GIORGOS GOGOS: Welcome. I am general secretary the last five years of the dockworkers’ union of Piraeus Port Authority, and I work in the port the last ten years, since 2005. PERIES: So tell me a little bit about the challenges you’re facing in this port. GOGOS: It’s ten years now that they are trying to privatize the port. The first strike, it was when Cosco established themselves in the bigger part of the container terminal. This took place in June 2010. So we have already experienced five years of establishment of a private company, the bigger part of the container terminal of Piraeus Port Authority. Now we have a challenge in front of us. The entire privatization of Piraeus Port Authority. Out of 75 percent of the total shares that the state owns, they’re going to privatize 51 percent. So this, it was a decision of the previous government. Initially they started by privatizing 67 percent. And the new government changed this condition to 51 percent. We are against this privatization for several reasons, and we are not the only ones that resist this decision. PERIES: Tell me a little bit about the union. How large is it, and what are some of the challenges you’re facing in organizing against privatization in this port? GOGOS: Our union represents the traditional dockworkers. We’re about 300 working in the public port. There are three more unions in the public port, and they’re organizing other specialties. Like people working in the administration. The other union is for technicians and operators of the machines. And the third one is for foremen and supervisors. We’re not organizing people in the Cosco terminal. Recently, before a year, they made their first strike so as to demand their rights. And so far they didn’t succeed to conclude in the first basic collective bargain agreement, unfortunately, because they are quite biased by the management of Cosco company. PERIES: Do the workers in the Cosco port, are they employees of Cosco? Or are they employees of the managers of the Cosco port here? GOGOS: A few of them they are employed fully by the Cosco company. And a big majority they are employed through a complex system of subcontractors. There is a big company which is called the [akinesis] Port, and they have a number of eight and nine individuals who are providing also people to the [akinesis] and the [akinesis] is providing labor first to the two piers of Cosco. PERIES: Okay. And so what are the education levels of the workers? One thing that I found very intriguing of working people in Greece is that they’re highly educated in terms of what’s going on economically, what’s going on in terms of the debt crisis, what Alexis Tsipras is actually negotiating, and the impact it has on them and their work. And their site of work, in this case, this port. So give me a sense of the level of worker education and knowledge about what’s going on in the economy. GOGOS: Yes. The last five years that we’ve had memorandums and Troika presence in the country raised very much the interest of people for politics. And inevitably because these memorandums affected so much our lives we are well informed about what it’s happening and why it’s happening, this. People here, especially in this area, they voted with vast majority of 70 percent for no, and this no was against the austerity and continuation of the memorandums. It was not clear that all of this amount of people wanted to exit from Eurozone or from Europe in general, but all of them it’s clear–it’s clear that we didn’t want to continue with the austerity measures we faced that we faced over the last four years. So I have to tell you that this area has a big percentage of unemployment. So people are really eager to find a job. PERIES: Well, what percent of unemployment? GOGOS: National level is about 25, 27. Here I think it raises more than 35. Especially the kind of, the terminal of Cosco, there is the ship repair zone, which was a very productive one and was giving employment to thousands of people. Especially living in the neighboring, [inaud.] in the neighboring municipalities. The lest eight or nine years the employment in this sector of economy, it’s about 90 percent. So you can imagine that there are dwellings that don’t have a working person in this area. So the real numbers are really high. So it was something that Cosco took advantage. And because there is a huge pool of unemployed people seeking for job, they took advantage of this and they are paying very low wages. They have these humiliating labor conditions. We’re not given the right for people to organize themselves. And it’s–we can say in a few words that it manipulates the labor conditions. PERIES: And did you see the new deal, or the new memorandum of agreement that Alexis Tsipras is about to sign on to, affecting your ability to negotiate and advertise even more? GOGOS: Yes, that’s true. The final product of the agreement, it’s worse than the day we’ve done. We know that this is the product of blackmailing and huge pressure over the government. Unfortunately our government was believing that we could have allies within the Eurozone. And that the humanitarian crisis in Greece, it would trigger changes within the Eurozone. Unfortunately this didn’t come true. And Schauble and [extra] neoliberals within the Eurozone. They defeated our negotiators, our government. And the final result was after a huge dilemma with–they had to choose between a Grexit without any conditions and the memorandum like they said that they are going to sign and to implement. PERIES: And one other thing that is in the way of port workers organizing against privatization is the rise of the Golden Dawn, here. And I was wondering, the–and that is also sliced by the fact that the rise of the neo-Nazis or Nazis in this area is also on the rise, preventing some of the port worker organizing that’s going on. Tell me about some of that complexity. GOGOS: Yes. It’s a bit strange. But in this, let’s say labor municipalities, the rise of Golden Dawn is quite high. It’s more than the average percentage in a national way, the percentage. Unfortunately these ideas and these practices, they find a field and they cultivate among the poorer societies. In the port we don’t have indications that Golden Dawn has been intervening. But especially in the ship repair zone that they have this huge employment, they have created a, let’s say a trade union, which is not a trade union but a tool by employers that are covering this sector so as to minimize the wages and to further cut off labor rights. This is a challenge that we have to face, and we work in this field so as to prevent expansion of Golden Dawn and Nazis in our working places. PERIES: So given the majority of the people voted against the referendum here, what are their thoughts now? Or what are your thoughts now that the memorandum has been approved by the parliament, and it’s gone against the will and the democratic will of the people have done in this area, and perhaps unions in this as well. What are your thoughts, what do you think the next steps are? GOGOS: We have mixed feelings. Passing from hunger, disappointment. We are not feeling well. It’s a new agreement, as I told you, a product of huge pressure. We know that it’s not going to be sustainable, it’s not going to be viable, it’s going to destroy certain sectors of Greek economy. And we know that we are going to reject it sooner or later. We are in a state of shock these days, because we saw our prime minister negotiating about 17 hours in a table with all these neoliberals trying to promote their plans. It will take some time. I don’t think it will be a long time. But we’re going to organize ourselves and start fighting and struggle against these pressures. It’s very strange because a left party’s in power and they plan to impose these measures. It’s something very contradictory. But the target remains the same, these measures should not happen, should not take place, should not be implemented. So we still want to continue our struggles. The point is organizing better so as to have better results. I think that very soon we’re going to have elections, and people will be asked again to say his opinion. So we’re continuing, so we remain vigilant to continue our fight. PERIES: One of the things that will occur as a result of the as a result of the memorandum is that more and more parts of the port will be privatized. However, this, the issue of Grexit, if you exit the Euro the port will also subside in terms of business. Is that your anticipation? GOGOS: First of all we have to say that we’re not talking about privatization like the others that happened in the European Union. Meaning concession to several providers, certain cargo terminals, et cetera. Here the case is the privatization of entire Piraeus Port Authority. It’s not only the cargo terminals, it’s not only the cruise terminal, it’s not only the passenger terminal that connects the ferry lines between the Greek islands and the mainland. It’s about privatizing public authorities. And this is unique in the European Union, with one exception. The changes, the reforms in port policy in Britain during the Thatcher era. And they are still trying to recover after 25 years of these reforms. So it’s something unique for the European continent. And I think that even the people in the government, they’re not happy at all to implement this privatization. So taking into consideration that we have not the only ones that the resist to this privatization goes form other stakeholders around Piraeus. And being precise, it’s the local municipalities of [former] [inaud.] surrounding the port, it’s the commerce of–the Chamber of Commerce, the Chamber of middle-scale business. The bar association and other trade unions in the area of Piraeus. So whole local society is against this decision. We’re not alone in this fight. And we are hoping we are going to win and keep the port under public control. PERIES: Giorgos, thank you so much for coming on the Real News Network and speaking with us today. GOGOS: Thank you very much.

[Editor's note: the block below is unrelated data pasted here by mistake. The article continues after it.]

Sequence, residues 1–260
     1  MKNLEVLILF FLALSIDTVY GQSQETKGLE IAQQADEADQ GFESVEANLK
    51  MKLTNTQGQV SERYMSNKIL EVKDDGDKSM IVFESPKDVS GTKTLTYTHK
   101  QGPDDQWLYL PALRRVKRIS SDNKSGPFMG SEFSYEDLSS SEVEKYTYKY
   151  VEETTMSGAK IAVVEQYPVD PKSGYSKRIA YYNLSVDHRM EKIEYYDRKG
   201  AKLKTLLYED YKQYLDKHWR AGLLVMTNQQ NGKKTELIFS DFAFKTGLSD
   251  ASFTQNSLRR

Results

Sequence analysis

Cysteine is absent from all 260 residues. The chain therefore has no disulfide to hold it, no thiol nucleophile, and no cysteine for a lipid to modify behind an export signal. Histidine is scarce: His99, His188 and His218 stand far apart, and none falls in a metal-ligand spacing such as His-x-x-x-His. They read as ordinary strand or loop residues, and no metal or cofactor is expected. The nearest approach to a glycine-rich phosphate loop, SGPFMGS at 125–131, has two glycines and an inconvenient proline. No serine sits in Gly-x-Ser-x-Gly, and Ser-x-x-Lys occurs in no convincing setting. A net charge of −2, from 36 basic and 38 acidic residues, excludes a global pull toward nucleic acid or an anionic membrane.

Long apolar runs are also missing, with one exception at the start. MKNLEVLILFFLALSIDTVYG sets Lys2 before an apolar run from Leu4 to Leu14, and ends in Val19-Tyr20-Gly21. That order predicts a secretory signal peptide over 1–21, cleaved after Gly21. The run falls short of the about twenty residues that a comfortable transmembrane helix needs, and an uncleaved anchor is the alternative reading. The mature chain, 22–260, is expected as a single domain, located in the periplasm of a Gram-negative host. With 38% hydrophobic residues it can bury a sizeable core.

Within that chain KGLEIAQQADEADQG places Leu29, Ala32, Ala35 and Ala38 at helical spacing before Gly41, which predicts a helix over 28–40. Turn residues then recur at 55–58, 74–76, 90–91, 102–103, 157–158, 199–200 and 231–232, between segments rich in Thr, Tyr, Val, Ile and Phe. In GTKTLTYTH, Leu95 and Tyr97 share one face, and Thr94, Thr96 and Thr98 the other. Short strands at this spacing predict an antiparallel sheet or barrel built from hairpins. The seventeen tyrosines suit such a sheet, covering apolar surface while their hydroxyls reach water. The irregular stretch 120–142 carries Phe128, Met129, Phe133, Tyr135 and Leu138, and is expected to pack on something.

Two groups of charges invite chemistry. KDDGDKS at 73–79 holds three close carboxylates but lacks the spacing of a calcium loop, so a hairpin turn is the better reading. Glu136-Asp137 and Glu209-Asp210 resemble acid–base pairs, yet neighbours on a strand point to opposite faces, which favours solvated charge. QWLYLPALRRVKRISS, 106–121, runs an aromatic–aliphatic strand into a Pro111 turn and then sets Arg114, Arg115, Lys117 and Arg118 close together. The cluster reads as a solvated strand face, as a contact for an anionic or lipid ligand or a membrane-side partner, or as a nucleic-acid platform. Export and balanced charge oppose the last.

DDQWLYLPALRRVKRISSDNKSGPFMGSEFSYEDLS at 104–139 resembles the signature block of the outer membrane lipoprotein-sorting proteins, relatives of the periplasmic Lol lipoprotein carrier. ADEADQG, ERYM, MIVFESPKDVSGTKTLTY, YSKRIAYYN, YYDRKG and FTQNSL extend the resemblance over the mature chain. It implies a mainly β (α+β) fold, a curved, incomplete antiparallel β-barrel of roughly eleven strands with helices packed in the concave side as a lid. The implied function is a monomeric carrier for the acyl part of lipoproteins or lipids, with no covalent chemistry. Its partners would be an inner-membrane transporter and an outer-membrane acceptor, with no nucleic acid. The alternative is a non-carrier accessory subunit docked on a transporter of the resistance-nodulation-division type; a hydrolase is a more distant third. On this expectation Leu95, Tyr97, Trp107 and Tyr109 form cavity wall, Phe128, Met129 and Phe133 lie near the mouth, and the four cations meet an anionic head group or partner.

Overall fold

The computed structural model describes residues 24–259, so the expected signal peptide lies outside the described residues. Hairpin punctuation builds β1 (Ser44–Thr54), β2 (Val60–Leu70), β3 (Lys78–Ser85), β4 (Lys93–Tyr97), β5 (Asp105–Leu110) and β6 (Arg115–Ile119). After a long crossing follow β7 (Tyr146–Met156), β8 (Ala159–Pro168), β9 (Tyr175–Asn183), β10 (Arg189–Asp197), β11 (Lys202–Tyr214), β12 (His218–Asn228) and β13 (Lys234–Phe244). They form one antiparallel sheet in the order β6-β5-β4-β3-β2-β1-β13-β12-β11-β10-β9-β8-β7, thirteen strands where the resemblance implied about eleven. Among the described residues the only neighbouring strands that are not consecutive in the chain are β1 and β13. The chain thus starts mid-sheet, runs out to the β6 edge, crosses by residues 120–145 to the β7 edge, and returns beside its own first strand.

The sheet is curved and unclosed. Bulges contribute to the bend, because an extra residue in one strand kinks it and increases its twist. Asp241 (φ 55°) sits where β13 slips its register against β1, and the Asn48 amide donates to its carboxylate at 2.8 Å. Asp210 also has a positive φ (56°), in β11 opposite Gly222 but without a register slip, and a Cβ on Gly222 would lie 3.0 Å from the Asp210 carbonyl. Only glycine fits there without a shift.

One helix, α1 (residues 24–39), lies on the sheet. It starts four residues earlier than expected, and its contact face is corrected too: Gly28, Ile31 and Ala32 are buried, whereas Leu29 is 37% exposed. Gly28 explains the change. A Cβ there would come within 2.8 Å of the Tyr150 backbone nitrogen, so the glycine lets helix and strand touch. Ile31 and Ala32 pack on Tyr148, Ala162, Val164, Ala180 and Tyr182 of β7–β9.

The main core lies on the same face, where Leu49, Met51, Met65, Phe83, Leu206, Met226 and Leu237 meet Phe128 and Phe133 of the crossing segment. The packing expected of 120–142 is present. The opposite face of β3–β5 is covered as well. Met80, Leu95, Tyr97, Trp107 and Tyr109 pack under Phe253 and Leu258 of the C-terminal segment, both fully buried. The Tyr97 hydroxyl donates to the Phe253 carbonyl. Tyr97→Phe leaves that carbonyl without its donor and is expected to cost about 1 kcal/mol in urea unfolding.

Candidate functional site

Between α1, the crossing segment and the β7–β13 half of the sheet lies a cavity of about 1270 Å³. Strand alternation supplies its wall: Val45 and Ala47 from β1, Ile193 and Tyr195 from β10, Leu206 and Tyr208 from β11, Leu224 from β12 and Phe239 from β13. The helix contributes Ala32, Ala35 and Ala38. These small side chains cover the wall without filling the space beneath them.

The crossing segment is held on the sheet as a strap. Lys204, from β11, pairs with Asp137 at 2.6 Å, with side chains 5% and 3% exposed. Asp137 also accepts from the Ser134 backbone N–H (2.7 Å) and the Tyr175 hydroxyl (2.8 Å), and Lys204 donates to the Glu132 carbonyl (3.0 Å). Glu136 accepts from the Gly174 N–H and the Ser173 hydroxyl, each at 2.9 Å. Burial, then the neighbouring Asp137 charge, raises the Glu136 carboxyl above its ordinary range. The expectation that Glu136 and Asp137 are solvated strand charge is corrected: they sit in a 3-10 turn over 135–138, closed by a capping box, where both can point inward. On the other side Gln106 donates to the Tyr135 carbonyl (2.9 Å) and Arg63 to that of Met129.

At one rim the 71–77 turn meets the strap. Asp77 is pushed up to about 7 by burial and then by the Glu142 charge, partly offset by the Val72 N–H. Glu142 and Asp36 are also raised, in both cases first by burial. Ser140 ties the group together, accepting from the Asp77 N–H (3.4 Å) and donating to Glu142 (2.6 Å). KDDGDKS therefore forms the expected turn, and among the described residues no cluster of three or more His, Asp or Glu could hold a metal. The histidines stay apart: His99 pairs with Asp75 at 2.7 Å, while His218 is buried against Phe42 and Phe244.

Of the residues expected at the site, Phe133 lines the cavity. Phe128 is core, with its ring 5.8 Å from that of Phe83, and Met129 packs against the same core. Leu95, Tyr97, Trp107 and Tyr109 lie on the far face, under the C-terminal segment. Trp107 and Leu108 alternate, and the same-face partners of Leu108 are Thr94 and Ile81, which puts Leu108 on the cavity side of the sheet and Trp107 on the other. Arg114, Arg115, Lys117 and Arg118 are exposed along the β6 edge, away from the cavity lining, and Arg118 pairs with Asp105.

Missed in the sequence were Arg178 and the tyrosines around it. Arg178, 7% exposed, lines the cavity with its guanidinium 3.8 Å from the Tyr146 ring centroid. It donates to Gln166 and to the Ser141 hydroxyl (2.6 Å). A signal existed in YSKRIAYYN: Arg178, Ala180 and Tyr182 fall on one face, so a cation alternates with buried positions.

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Sharmini Peries was a co-founder of TRNN, where she harnessed the power and expertise of civil society institutions. Previously, Sharmini was Economic and Trade Adviser to President Hugo Chavez at Miraflores and for the Ministry of Foreign Affairs in Venezuela. Prior to that she served as the executive director of the following institutions: The Commission on Systemic Racism in the Criminal Justice System, The International Freedom of Expression Exchange, Canadian Journalists for Free Expression, and the Ontario Council of Agencies Serving Immigrants. She also managed the Human Rights Code Review Task Force in Ontario, Canada. She holds a M.A. in Economics from York University in Toronto, Canada. Her Ph.D. studies in Social and Political Thought at York University remain incomplete (ABD).